5) Not being accessible – no ability to speak to a human when you call the HR department; maybe I have questions that are not listed in the posting that would determine whether I would apply for the position in the first place! Best practice is to list an email and phone number of the hiring manager or the HR person handling the search for further questions. All the information you need to apply for the job is listed in the job posting, right? Read the next practice…

6) Posting job descriptions that do not answer basic questions about the facility or the job – they took the lazy way out and posted the company job description instead of selling the position: Union, non-union, for profit, non-profit, size of company, growth or repair? What is the size of the facility, the number of employees that report to the position, who does this position report to, etc. – these are the types of questions that facilitate solid candidates in making the decision to apply.

7) Not following up in a timely manner with viable candidates – Even though it takes time to do background and reference checks, a simple email or phone call would keep the doors of two way communication open and indicate that the company is truly interested in bringing the candidate on-board. Not a canned email but a personalized one. Indoctrination into the culture of the company begins during this on-boarding process. Research has shown that the intent to stay is directly related to the hiring and on-boarding process.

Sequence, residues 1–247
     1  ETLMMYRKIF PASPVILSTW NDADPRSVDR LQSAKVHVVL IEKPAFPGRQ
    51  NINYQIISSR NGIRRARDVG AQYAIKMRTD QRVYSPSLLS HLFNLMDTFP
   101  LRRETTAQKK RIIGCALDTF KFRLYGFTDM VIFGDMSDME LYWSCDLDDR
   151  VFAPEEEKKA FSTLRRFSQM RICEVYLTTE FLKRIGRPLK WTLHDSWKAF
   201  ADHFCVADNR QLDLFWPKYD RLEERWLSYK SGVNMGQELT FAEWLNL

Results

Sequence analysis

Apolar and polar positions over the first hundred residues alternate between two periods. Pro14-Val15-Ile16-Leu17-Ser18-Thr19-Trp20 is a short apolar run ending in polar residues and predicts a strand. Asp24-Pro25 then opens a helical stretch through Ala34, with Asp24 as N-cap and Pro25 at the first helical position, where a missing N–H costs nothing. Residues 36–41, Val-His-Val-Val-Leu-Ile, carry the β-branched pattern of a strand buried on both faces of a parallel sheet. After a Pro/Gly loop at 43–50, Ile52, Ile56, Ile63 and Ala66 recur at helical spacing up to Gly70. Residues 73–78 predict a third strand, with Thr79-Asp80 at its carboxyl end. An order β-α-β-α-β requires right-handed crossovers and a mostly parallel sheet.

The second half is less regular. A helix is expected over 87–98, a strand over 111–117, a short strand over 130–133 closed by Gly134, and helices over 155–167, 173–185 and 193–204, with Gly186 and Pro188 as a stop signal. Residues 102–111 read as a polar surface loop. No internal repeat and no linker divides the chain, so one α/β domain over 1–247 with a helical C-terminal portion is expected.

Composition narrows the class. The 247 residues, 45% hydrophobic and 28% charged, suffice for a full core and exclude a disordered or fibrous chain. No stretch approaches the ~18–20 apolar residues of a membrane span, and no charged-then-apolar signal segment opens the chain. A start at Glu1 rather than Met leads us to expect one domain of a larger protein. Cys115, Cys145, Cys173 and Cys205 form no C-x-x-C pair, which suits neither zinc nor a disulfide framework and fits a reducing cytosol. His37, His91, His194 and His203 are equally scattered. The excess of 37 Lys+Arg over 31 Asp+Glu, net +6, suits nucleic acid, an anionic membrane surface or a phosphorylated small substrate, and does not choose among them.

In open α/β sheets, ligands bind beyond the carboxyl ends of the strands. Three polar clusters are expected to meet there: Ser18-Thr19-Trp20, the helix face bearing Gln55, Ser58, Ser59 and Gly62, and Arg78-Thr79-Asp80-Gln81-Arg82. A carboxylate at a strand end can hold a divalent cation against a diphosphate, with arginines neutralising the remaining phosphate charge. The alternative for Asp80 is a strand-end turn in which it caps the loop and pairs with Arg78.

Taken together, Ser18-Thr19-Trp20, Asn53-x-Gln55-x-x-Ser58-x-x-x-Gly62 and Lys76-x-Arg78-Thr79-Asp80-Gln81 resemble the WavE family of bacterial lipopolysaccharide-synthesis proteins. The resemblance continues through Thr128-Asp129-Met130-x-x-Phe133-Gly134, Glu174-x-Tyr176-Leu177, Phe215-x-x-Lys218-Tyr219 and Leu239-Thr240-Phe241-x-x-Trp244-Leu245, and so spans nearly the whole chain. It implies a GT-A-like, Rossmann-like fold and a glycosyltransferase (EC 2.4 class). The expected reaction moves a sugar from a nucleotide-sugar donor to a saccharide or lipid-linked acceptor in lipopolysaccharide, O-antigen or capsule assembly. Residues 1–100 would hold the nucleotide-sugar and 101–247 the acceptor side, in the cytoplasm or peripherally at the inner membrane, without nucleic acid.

8) Not treating every placement with urgency and immediacy – if you lollygag around, the candidate will start looking elsewhere – A bird in the hand goes the old adage… if three companies are interested in hiring me, but one is actively engaged with me, guess which one I will give preference to? Many a good candidate has been lost to “the process” – this is an excuse and should not be tolerated in your company. Remove barriers and determine what the normal process should look like – then tell your applicants what to expect and how to get feedback.

9) Not closing the loop – and not giving feedback. I was interviewing an applicant for a C-suite position. The candidate had worked in a staff position for 30 years but had recently received an advanced degree. It was a difficult conversation in that I had to explain to her that she was not qualified for the position since she had no operational experience over a department to include hiring, firing, and financial oversight. She was somewhat indignant at first, and it was my obligation to give her honest feedback and present her with a path that would lead her towards her goal in the future. Just as bad as no feedback is no follow up – no email, no phone calls, no updates, no nothing. It’s as if your application dropped into the HR void or landed in File 86.